Colin Kaepernick’s Jersey Hangs in the Same Museum as ‘Starry Night’

by Priscilla Frank, HuffPost Black Voices

One of the most recent additions to the halls of New York’s Museum of Modern Art is a red San Francisco 49ers jersey. The same jersey worn by Colin Kaepernick between 2011 and 2016.

Kaepernick’s sports jersey hangs with four others featured in the ongoing MoMA exhibition “Items: Is Fashion Modern?”, which explores the impact of 111 carefully curated items of clothing and accessories on the 20th and 21st centuries.

The jersey is a unique item of clothing in that its uniform design conjures an almost immediate sense of power, promise and camaraderie. As MoMA curator Paola Antonelli and her curatorial team expressed in an email to HuffPost, “Children around the world look up to sports heroes as role models; for them, the jersey embodies a dream or aspiration.”

Kaepernick’s jersey, the San Francisco 49ers’ number seven, became the best-selling jersey in the NFL’s official shop website in 2016 and remains one of the top selling items to this day. The stats are especially noteworthy seeing as Kaepernick no longer plays for the 49ers, or any other NFL team at present. The popularity of the uniform, then, illuminates the quarterback’s status not only as a star athlete but a contemporary icon of civil rights.

Kaepernick first sat down during the national anthem ahead a preseason game in August 2016, lowering himself in silent protest of the racial injustice plaguing the nation. “I am not going to stand up to show pride in a flag for a country that oppresses black people and people of color,” he told NFL Media of his decision. “To me, this is bigger than football and it would be selfish on my part to look the other way. There are bodies in the street and people getting paid leave and getting away with murder.”

In September 2016, Kaepernick took a knee instead of a seat, and has continued to do so ever since. The protest has been an unremitting source of inspiration, controversy and debate since its inception. Just last month, President Donald Trump criticized the gesture, while public figures including fellow NFL players, Stevie Wonder and former CIA director John Brennan expressed their unwavering support for Kaepernick and his demonstration.

After the 2016 season came to a close, Kaepernick opted out of his 49ers contract and has been a free agent ever since. Nonetheless, his red jersey continues to sell in massive quantities, a testament to the influence Kaepernick holds off the field as well as on it. His jersey embodies so much of the ongoing political conversation in this country today ― what America stands for, and what it kneels for.

“We hope that visitors to ’Items will see in these sports jerseys not only the blood, sweat and tears of their original wearers but also the complex synthesis of aesthetics, personal choice, collective style, politics, business, race, gender, marketing, labor and technologythat are embodied by their reproductions,” Antonelli and her team wrote.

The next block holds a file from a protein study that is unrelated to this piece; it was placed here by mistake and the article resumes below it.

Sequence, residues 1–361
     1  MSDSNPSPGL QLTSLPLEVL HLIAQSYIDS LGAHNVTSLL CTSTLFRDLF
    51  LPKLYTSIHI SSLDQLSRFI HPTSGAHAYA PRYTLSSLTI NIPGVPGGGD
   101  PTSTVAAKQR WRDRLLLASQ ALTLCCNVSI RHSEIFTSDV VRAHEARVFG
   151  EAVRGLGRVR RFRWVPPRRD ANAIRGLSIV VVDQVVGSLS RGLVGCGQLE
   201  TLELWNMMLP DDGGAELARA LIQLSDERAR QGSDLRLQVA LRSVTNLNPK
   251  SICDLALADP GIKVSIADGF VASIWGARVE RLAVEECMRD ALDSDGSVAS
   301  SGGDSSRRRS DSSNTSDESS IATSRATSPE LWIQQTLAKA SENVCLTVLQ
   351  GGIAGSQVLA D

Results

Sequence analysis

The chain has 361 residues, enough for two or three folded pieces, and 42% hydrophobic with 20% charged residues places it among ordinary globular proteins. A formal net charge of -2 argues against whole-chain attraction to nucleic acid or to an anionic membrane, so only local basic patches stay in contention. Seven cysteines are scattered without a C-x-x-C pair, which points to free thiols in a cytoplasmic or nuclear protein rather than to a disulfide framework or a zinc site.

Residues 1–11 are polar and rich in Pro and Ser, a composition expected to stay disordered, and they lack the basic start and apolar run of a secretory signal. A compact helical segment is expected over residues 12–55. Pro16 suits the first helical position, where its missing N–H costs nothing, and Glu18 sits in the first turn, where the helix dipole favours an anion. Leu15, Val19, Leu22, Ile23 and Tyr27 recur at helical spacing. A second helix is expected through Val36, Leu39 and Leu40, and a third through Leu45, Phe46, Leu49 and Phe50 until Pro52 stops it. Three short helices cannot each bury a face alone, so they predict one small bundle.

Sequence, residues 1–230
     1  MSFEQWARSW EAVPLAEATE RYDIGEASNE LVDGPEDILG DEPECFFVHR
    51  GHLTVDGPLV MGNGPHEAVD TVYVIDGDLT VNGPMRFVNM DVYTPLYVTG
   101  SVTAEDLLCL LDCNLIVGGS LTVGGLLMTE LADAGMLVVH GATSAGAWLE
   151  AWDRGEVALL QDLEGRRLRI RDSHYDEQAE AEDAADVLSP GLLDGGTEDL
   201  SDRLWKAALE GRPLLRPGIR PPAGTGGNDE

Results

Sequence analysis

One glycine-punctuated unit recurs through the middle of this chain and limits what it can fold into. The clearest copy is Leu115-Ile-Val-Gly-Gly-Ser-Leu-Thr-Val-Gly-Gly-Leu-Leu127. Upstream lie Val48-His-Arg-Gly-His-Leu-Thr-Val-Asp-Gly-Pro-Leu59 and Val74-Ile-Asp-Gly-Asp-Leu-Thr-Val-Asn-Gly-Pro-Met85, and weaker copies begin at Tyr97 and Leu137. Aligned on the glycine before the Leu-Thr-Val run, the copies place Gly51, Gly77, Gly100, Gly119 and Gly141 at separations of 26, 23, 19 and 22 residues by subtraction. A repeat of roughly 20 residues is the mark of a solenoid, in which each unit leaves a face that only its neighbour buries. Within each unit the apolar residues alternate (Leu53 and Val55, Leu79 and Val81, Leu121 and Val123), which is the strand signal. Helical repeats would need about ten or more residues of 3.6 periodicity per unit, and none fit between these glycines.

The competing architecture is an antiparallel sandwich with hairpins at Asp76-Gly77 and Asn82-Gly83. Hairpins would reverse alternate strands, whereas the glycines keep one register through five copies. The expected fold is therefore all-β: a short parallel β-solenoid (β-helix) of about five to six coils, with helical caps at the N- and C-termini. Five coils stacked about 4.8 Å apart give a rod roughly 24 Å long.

The other jerseys in the exhibition are Pelé’s 1958 FIFA World Cup Brazilian national soccer team jersey, Michael Jordan’s Chicago Bulls basketball jersey and the Black Ferns women’s rugby national team jersey. Athletic gear aside, the MoMA show will also feature garments including a little black dress, a keffiyeh, a pearl necklace and Levi’s 501 jeans.

For the full article, read here.

For more information about the growth in recognition of black history in museums, read here.

For more ABHM Breaking News, read here.

Restoring Black History

By Henry Louis Gates, Jr., New York Times

logo-nmaahcWith the ringing of a bell and a speech from President Obama, the National Museum of African American History and Culture in Washington is to officially open its extraordinary collection to the public on Saturday. But the museum can claim another, equally important achievement: helping resolve the protracted debate about the contributions of black people to American history and, indeed, about whether they had a history worth preserving at all. Those questions were at the heart of the nation’s original debate about whether, and how, black lives matter.

For years, the issue was whether black people were fit to be more than slaves. “Never yet could I find that a black had uttered a thought above the level of plain narration; never see even an elementary trait of painting or sculpture,” Thomas Jefferson wrote. “I advance it, therefore, as a suspicion only, that the blacks, whether originally a distinct race, or made distinct by time and circumstances, are inferior to the whites in the endowments both of body and mind.”…

gww_negroraceinamerica_2_cropIn the 1880s, George Washington Williams, whom the historian John Hope Franklin called “the first serious historian of his race,” published the “History of the Negro Race in America from 1619 to 1880”; he confessed that part of his motivation was “to call the attention to the absurd charge that the Negro does not belong to the human family.”